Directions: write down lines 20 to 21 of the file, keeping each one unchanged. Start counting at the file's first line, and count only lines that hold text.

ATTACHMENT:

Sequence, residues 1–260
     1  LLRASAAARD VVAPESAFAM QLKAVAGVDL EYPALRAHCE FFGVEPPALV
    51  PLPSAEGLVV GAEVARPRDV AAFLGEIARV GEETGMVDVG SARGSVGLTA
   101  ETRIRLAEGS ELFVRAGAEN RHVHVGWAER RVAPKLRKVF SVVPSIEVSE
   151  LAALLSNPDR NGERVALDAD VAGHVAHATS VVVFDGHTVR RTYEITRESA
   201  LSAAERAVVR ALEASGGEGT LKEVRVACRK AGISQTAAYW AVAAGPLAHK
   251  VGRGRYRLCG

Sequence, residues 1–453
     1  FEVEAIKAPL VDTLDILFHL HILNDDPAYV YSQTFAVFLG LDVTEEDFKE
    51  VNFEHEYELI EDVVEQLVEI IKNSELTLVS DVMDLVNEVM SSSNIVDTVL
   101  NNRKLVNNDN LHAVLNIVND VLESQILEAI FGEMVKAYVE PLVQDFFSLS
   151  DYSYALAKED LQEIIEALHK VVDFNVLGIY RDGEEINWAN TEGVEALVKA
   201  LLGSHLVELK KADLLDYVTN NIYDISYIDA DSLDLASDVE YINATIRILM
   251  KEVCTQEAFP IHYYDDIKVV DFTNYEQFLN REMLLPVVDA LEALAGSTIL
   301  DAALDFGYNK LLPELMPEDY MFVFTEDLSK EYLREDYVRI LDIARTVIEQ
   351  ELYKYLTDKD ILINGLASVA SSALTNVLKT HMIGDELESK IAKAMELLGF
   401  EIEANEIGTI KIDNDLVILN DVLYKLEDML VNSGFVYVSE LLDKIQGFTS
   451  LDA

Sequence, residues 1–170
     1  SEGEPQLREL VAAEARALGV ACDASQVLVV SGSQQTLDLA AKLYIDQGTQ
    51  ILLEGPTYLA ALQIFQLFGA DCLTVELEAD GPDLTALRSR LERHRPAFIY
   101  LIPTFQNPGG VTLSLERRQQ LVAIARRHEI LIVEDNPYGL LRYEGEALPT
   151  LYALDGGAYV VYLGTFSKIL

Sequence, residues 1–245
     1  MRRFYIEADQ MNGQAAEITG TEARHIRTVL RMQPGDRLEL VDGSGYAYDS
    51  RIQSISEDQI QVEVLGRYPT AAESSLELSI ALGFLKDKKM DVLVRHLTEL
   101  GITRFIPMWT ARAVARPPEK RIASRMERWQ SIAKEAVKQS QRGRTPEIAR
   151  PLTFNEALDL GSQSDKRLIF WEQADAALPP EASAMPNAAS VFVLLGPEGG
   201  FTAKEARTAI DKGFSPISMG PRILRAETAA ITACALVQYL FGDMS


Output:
     1  SEGEPQLREL VAAEARALGV ACDASQVLVV SGSQQTLDLA AKLYIDQGTQ
    51  ILLEGPTYLA ALQIFQLFGA DCLTVELEAD GPDLTALRSR LERHRPAFIY